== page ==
CREATE FUNCTION plpgsql_call_handler() RETURNS OPAQUE AS '/usr/lib/pgsql/plpgsql.so' LANGUAGE 'C';

    where '/usr/lib/pgsql/plpgsql.so' is a variable location ( use CMD: locate plpgsql.so on linux )

    then enter:

    CREATE LANGUAGE 'plpgsql' HANDLER plpgsql_call_handler LANCOMPILER 'PL/pgSQL';

    This will give you the ability to use perl/pg functions with logic. This might be something you're already doing, but just in case you're not.

    The function takes a DECLARE BEGIN END format:
    (example from a triggered procedure)

    Code:
    CREATE FUNCTION Func_bids_items() RETURNS opaque AS '
     DECLARE
      	item_id 	int;
      	bid 		numeric(10,2);
            current_bid	numeric(10,2);
    	bid_count	int;
     BEGIN
    	SELECT INTO item_id, bid item_id, bid FROM bids WHERE id=NEW.id;
    	SELECT INTO current_bid current FROM items where id = item_id;
    	SELECT INTO bid_count bids FROM items where id = item_id;
    
    	if (current_bid < bid){
    		UPDATE items SET current = bid WHERE id = item_id;
    		UPDATE items SET bids = (bid_count+1) WHERE id = item_id;
    		}
    	else {
    		DELETE FROM bids WHERE id = NEW.id;
    		}
    END;'
    LANGUAGE 'plpgsql';
    There's plenty of info on how to use functions and a huge chapter in postgres manuals (and the O'Reilly Practical Postgres) on how to use PL/pgSQL.

    Hope you can pull this off without me having to write it for you

    Let me know if you need more mate.

    Flawless
    ---=| If you're going to buy a pet - get a Shetland Giraffe |=---

  12. #12
    SitePoint Addict EvilDoppler's Avatar
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    Unhappy Dont bet on it!!

    Urrgghh....never done that before but might have to do it...****e...

    ok...i'll work on that a bit and see what i can knit together...might be the only way to go..


    uhmm btw..did i forget to mention that the naming convention allows for more than 1 with the same name..

    so there can be multiple

    10. Fruitloops
    10. Fruitloops

    but the difference could be size, colour, weight, price...etc etc...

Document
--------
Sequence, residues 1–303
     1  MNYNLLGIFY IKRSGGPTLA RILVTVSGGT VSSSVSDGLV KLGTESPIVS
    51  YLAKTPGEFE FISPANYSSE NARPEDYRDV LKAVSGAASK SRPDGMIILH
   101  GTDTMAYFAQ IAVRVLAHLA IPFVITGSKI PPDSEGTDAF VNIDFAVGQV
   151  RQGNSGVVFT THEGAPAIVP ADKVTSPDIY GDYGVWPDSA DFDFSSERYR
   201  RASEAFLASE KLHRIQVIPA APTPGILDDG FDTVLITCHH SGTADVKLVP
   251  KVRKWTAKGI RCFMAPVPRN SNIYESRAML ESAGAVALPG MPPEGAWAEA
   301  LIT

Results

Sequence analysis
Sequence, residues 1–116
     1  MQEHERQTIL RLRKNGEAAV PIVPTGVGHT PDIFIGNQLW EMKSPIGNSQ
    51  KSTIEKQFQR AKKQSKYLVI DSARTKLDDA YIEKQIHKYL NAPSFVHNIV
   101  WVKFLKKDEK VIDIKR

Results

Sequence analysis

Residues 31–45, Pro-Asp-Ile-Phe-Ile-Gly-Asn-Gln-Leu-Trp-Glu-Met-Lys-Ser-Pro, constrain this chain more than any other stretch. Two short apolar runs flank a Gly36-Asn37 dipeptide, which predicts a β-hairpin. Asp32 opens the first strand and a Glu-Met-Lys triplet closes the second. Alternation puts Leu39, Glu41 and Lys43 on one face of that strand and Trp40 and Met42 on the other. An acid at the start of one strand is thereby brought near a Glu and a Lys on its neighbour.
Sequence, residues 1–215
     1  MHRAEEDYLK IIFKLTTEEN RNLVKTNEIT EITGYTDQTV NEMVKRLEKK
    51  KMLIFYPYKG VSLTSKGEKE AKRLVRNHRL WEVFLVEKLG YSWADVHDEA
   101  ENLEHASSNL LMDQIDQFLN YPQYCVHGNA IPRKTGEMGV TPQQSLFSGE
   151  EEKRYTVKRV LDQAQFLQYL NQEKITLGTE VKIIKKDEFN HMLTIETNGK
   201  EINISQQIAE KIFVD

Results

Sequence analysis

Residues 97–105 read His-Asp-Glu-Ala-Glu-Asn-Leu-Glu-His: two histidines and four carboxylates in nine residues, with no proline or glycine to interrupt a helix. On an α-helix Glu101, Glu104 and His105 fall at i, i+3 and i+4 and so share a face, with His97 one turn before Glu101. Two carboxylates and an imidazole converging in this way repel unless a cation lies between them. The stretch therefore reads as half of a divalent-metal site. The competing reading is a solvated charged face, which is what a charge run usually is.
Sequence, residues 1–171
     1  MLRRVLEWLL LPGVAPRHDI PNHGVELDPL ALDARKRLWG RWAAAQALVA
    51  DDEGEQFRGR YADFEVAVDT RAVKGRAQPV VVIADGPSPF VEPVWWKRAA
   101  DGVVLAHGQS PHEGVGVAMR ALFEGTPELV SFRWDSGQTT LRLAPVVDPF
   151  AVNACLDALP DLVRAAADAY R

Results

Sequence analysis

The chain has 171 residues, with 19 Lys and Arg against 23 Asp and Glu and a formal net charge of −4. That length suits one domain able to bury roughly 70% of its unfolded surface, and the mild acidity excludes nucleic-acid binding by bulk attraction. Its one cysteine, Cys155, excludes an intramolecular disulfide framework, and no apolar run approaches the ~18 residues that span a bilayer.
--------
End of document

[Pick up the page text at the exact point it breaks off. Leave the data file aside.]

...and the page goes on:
I'm stuck with this big time...it's pissing me off cause i originally got the array with the results in to work perfectly..but suddenly 2 more of the 10. fruitloops pops up and i have to rewrite the entire script unless i can find a suitable solution.

    Cheers mate and thanks for the advice..might have to come crawling to you eventually..will atttempt this ****e first myself though.

    Cheers Cheers Cheers

  13. #13
    Perl/Mason Guru Flawless_koder's Avatar
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    You're not telling me that the field has actually:
    10. Fruitloops
    in it?!!!?!

    Shouldn't it have an id which is autoincrementing (a serial type in Pg) and that would contain the 10?

    Otherwise you're going to have to do something like create a split on the "." in a pgsql function - and then create a temporary view/table and then sort ascending....

    You with me so far?
    ---=| If you're going to buy a pet - get a Shetland Giraffe |=---

  14. #14
    SitePoint Addict EvilDoppler's Avatar
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    Talking Yup with you all the way ol' Teadrinker!

    Yeah...i'm telling you that the field actually contain the number AND the product name...

    Freaky client decided to do the function the cheap way (other way would have cost them some more in the backend) and we had to find a solution for it...this works...look carefully and see the smartness of my developer
    PHP Code:
    select p.* from products as pproduct_category as c where p.prod_id=c.prod_id and c.category_id='48' order by substring(p.name from 1 for position('.' in p.name)-1)::text::integer 
    notice the order by ???

    i'll show it again
    PHP Code:
    order by substring(p.name from 1 for position('.' in p.name)-1)::text::integer 
    that works now..typecasting the value in the substring before the . is what made the difference

  15. #15
    SitePoint Addict EvilDoppler's Avatar
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    Wink WOAH!!

    seems like the pretty [ PHP ] thingiemajiggie didn't like LONG scripts/sql.... LOL

    oops

  16. #16
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    dopp - sql server supports patindex and charindex... if you were to get the chars before the first fullstop, cast to an int, then order by that it should work.. assuming postgres supports something similar. IMHO, it would be better to check the value on the insert, and append a new field to the table called OrderBy or something, which contains that int value... it would be much quicker for lookup, and only slow down the insert slightly.

    best of luck,

    mullie

    <edit> mullie you tit, read all of the replies before replying! Still, my other suggestion is a better approach for most circumstances, i would think. It doesn't take much to append a field to a table, then run a query for all records in the table (update table set OrderBy_int_field = [whatever your pgsql was]), and then do it in the future upon insert of new records</edit>
    Last edited by mulletboy2; May 17, 2002 at 02:59.

  17. #17
    SitePoint Addict EvilDoppler's Avatar
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    tit ?

    can everybody else feel the luv in this forum too ??